The invention of photography in the 1830s opened up new
vistas, a new way of seeing that has forever changed the way we view the
world. In fact, it's difficult for the modern mind to imagine the world
before photography. Without photographic evidence, we're not as willing to
grant the authenticity of an event, person or place.
Together with the allied fields of film and video,
photography has become the de facto record of our lives. The pervasiveness
of photographic images is matched only by the universality of the act of
photographing. Not everyone paints. Few of us have wielded a sculptor's
hammer and chisel. But almost all of us have taken photographs. Hundreds,
if not thousands of photographs.
The egalitarian nature of photography helps explains
its widespread appeal. As photographers, we can appreciate great
photographs. In fact, many of the photographers we revere today were
self-taught and did their best work as amateurs. Eugene Atget, for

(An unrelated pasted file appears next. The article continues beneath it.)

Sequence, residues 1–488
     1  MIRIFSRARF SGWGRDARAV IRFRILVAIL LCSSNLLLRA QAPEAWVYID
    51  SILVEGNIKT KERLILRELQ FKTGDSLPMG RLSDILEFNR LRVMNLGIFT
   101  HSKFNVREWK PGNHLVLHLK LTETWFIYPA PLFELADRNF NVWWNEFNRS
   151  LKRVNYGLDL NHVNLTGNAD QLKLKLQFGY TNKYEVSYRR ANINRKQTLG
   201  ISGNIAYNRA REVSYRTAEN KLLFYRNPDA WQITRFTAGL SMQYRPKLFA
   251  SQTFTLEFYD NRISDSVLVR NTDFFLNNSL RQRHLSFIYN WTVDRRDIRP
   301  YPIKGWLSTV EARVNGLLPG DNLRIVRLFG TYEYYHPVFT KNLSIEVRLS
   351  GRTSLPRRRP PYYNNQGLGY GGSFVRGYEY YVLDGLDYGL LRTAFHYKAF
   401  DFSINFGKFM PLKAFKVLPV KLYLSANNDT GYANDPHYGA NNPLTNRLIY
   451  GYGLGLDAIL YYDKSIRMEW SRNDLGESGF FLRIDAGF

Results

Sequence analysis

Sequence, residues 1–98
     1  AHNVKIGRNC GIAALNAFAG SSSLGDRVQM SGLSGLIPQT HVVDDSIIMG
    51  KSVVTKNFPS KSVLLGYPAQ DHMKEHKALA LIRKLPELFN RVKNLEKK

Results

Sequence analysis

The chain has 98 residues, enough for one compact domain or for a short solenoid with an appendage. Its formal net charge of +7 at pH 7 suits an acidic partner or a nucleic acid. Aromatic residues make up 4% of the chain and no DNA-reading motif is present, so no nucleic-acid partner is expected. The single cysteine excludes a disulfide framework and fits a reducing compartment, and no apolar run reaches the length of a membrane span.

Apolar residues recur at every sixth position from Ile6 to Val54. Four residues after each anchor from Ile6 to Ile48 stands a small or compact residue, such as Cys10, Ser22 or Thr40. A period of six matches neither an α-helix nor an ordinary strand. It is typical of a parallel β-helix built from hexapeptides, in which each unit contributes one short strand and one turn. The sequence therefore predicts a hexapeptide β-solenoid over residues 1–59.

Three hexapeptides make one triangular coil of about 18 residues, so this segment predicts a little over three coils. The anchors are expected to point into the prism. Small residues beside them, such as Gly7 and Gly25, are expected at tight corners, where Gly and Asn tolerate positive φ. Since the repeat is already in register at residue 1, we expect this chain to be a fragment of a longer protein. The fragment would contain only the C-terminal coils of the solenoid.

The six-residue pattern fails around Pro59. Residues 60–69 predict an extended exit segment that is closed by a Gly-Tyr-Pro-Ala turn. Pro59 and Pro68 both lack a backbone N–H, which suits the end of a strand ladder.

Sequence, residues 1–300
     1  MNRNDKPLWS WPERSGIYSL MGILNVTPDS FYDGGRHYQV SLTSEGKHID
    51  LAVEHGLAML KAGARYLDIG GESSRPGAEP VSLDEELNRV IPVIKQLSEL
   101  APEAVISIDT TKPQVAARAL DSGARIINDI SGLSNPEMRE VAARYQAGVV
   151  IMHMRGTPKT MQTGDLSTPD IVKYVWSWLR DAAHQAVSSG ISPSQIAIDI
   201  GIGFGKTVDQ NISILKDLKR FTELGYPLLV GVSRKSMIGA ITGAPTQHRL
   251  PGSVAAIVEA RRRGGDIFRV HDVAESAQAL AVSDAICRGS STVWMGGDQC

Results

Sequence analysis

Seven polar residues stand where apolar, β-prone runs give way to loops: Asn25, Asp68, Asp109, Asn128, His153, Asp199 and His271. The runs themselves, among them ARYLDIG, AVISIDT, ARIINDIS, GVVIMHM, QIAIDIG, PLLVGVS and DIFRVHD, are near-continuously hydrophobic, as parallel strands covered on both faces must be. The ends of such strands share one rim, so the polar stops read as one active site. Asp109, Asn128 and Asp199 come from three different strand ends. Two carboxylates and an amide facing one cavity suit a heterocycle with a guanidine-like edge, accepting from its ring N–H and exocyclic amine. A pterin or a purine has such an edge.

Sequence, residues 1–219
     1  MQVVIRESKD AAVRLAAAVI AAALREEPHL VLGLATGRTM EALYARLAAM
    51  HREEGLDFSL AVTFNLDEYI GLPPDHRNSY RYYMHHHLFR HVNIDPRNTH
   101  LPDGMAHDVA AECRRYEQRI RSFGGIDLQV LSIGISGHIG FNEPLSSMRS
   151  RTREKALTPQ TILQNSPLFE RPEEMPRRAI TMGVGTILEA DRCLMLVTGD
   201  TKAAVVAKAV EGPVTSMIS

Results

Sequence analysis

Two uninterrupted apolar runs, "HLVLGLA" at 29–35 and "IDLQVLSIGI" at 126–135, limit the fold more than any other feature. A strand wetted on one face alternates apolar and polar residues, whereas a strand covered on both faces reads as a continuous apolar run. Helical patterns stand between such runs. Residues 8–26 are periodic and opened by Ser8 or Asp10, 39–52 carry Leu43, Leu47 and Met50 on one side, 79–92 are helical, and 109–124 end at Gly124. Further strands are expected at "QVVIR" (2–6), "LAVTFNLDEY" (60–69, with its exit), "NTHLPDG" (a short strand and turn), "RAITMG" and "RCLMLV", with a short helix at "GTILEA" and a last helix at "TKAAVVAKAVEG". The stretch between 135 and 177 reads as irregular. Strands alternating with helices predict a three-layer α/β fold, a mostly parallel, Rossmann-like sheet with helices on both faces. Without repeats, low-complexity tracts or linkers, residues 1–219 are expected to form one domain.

example, labored in obscurity for decades cataloguing his beloved Paris.
His work went largely unnoticed at the time, but is now considered one of
the milestones in the history of photography.
But if you've ever become glassy eyed looking at
someone else's travel snapshots, you already know that the mere act of
taking a photograph doesn't qualify as art. What separates the amateur
shutterbug from the artist is not technology-even the weekend hobbyist has
access to much the same hardware as the pros-nor even strictly technique.
It is an artistic vision that crafts images both before and after the
shutter is opened.
The challenge for the collector is to identify this
artistic vision and separate the truly great (and therefore collectible)
artists from the ordinary. Fortunately, the market has done some of the
work for you. This article will introduce you to the fine art of
photography and how to avoid some of the pitfalls of this fast growing
field of collecting.